In mid_March, Peggy Saggers posted an update broadcast with more ideas for adapting Tank tops. Now, of course, Peggy was using her pattern #500 but she said these changes could be made to any tank top. The point is to start with your fitted tank. Which I did, although mine is developed from Connie Crawfords 1201 basic bodices pattern. I’m quite happy with my sleeveless sloper for moderate-stretch knits; and ever since I saw Peggy’s broadcast had wanted to make the adorable Flutter Sleeve. I watched the broadcast live in March (1st Viewing). In prep for todays garment, I watched again about a week ago (2nd Viewing). Just to be sure I started right, I watched the video a 3rd time the night before. Let’s just say, either something went missing in the translation or I flat didn’t understand because this turned out to not be one of my favorites.
I developed the sleeve pattern as follows:
Green arrow is the measurement from the waist on my pattern to the shoulder on my pattern.
Orange arrow, the 9″ Peggy specified as the width of the sleeve
Purple arrow joins the 9″ to beginning point on the green arrow.
Peggy instructs adding a seam allowance along the 9″ shoulder edge. Why? Surely I’m not aligning the shoulders and then stitching through all 4 layers. Not only would that be bulky but then how do I finish the armscye. So it must be for joining two of the triangles together to form the sleeve. I have more than enough fabric to cut the sleeve as one piece. So I didn’t add the seam allowance but place the “shoulder” along a fold and cut; then repeat; creating my two flutter sleeves vs 4 half flutters that needed to be stitched together. Voila:
I didn’t like the idea of a sleeve with such a point. So I rounded it:
I really don’t like raw edges and so further smoothed the point at the serger when I did a 2-thread flat-edge along all edges.
I wanted to make changes to the armscye and neckline of my knit sloper. I didn’t want to permanently change my sloper, but I knew I would want to sew tank tops with a certain style over and over. So I copied my knit sloper; moved the vertical darts to side seams and center back (again); moved the armscye dart and added a center back seam. I’ve done this 3 times so far. I don’t even need to think about it. The process of cutting a copy and making these changes took 8 minutes — including the time needed to find where I put the original knit sloper. Then I measured down from the shoulder point 8″ and over 1″. Got out my curve and drew a new neckline. Finally I made tick marks 1″ deep all around the back and front armscyes and trimmed out both the neckline and new armscyes. I serged the shoulders together. Finished neckline with a 3/4″ binding. Finished armscyes with a 1″ strip applied as a flat binding. 30 minutes, tops. Like Peggy says, when the fitting is all done changes are fairly easy and sewing is quick.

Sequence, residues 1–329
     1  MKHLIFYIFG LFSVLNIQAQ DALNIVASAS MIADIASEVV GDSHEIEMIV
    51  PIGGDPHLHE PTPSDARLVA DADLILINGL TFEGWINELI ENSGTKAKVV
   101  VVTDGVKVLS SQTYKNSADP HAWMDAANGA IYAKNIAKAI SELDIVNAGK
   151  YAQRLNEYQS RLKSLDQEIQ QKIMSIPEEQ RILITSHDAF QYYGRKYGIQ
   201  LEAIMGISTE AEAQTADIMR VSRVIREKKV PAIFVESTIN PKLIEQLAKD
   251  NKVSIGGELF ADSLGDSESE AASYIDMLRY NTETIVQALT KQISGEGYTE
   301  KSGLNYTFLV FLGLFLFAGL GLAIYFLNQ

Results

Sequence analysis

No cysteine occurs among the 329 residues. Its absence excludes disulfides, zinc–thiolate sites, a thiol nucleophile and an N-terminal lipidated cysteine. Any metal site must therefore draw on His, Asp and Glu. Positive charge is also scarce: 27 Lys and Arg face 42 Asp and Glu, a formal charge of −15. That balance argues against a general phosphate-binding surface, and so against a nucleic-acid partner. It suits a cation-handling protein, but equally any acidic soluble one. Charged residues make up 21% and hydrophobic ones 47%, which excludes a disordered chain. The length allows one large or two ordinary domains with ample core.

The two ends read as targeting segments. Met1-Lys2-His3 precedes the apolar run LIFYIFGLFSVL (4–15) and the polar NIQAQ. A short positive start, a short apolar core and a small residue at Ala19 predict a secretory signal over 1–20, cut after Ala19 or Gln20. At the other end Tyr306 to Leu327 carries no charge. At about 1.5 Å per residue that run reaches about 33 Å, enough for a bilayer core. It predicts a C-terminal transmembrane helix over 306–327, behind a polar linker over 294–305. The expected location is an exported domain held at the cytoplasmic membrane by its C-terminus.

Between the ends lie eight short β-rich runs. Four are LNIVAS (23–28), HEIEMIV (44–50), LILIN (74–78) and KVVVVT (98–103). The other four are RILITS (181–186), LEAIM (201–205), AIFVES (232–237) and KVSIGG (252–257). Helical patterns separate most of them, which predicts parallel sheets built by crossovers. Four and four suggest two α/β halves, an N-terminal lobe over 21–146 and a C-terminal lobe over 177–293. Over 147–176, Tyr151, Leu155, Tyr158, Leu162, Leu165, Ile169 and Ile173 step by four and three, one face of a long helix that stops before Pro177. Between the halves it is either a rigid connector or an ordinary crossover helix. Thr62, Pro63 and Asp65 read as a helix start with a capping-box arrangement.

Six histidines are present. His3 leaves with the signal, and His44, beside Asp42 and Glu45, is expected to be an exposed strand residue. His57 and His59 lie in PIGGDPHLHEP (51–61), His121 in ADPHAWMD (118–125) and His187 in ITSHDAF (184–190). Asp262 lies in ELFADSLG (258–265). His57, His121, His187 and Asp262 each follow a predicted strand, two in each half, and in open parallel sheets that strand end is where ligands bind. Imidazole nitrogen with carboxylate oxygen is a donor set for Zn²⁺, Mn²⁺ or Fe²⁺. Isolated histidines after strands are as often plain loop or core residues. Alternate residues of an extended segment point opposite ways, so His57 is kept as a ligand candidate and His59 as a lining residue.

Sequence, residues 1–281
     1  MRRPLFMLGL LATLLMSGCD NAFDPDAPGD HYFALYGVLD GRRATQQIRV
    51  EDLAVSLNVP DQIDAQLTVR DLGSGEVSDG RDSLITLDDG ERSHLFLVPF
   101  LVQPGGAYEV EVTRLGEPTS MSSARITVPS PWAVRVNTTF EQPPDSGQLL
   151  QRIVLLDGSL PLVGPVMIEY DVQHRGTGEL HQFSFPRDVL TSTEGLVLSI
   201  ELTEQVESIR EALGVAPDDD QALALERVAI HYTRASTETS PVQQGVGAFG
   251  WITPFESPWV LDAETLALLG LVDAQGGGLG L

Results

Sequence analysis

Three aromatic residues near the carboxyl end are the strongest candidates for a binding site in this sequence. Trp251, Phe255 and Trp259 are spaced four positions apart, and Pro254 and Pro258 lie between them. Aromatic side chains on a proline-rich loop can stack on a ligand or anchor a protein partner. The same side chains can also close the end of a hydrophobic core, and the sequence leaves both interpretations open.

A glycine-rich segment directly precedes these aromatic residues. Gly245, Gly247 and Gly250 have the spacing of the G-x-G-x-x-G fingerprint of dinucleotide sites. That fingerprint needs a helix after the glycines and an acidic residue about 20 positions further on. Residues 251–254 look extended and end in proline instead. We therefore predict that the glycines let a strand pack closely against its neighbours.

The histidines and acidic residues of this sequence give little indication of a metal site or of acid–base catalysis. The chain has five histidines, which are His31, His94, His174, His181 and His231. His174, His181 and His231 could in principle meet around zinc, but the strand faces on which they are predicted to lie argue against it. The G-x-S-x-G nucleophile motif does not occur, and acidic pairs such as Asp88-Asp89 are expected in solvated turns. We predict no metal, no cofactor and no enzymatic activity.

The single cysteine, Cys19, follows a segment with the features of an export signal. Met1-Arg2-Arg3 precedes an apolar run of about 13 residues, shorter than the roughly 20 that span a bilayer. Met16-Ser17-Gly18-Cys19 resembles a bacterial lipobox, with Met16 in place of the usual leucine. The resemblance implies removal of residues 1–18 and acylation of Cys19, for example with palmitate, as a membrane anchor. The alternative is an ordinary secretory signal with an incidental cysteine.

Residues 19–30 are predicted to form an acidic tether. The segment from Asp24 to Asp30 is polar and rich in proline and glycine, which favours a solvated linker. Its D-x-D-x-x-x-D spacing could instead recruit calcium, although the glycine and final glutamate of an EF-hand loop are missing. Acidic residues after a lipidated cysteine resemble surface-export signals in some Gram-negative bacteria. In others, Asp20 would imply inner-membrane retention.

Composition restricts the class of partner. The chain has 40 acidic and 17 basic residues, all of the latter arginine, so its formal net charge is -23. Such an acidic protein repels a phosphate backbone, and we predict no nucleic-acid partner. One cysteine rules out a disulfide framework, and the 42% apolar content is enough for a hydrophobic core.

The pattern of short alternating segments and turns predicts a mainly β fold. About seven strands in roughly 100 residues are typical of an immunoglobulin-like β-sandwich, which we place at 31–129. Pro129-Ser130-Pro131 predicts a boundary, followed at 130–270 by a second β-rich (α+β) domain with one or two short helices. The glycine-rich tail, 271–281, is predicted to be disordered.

I struggled, yep struggled with applying the sleeve to the bodice. Most patterns would provide a guide line. Peggy says just to align and stitch. The sides were too long. Instead of ending at my waist, I finally settled them just below my hip bone. I had to pin the flutter sleeves to the bodice using my dress form. I hate using pins but I was not otherwise getting the sleeves nicely positioned on the bodice and symmetrical. I’m still not sure they are symmetrically positioned but they are attached with a large zig zag. If I get up the courage I can remove them, yet again (4th time).
My serger had not liked this ITY after several adjustments I left the stitch length a 3 to create a nice edge. When I zig zagged to attach the sleeve, that nice edge is rumpled and ugly-looking.
There is also a lump on each side seam.
Peggy says to attach in the side seam. My side seam is 1/2″. I serge finish the edges and then baste the side seam at 1/2″ before checking fit. When I’m satisfied with fit, I stitch the side seams permanently. My way, 1/2″ seam allowances, gives me flexibility to adjust fit if the next knit doesn’t have as much stretch. But it also meant stitching over a much wider part of the Flutter Sleeves’ points; and thus the lump in the side seams.
…And for some reason my SAS decided to roll and stick to itself instead of my ITY fabric. I have not finished the hem because it too is lumpy.
Perhaps a time or two through the wash cycle will loosen the entire hem and I can try again. (I’m thinking that the increased humidity may have caused the SAS to soften.)
Will I attempt this flutter sleeve again? Doubtful. It does have a certain joie de vivre, but it’s very distinctive.
And while Peggys version was adorable mine is not. Mine is just, Okay. It maybe the choice of fabric, print or just that I didn’t get the instructions right.
I do like the neckline and armscye changes I made. Although you can’t see the armscyes, they are now typical Tank Top. Neckline could be a little lower, but is definitely modest while still allowing for some air flow.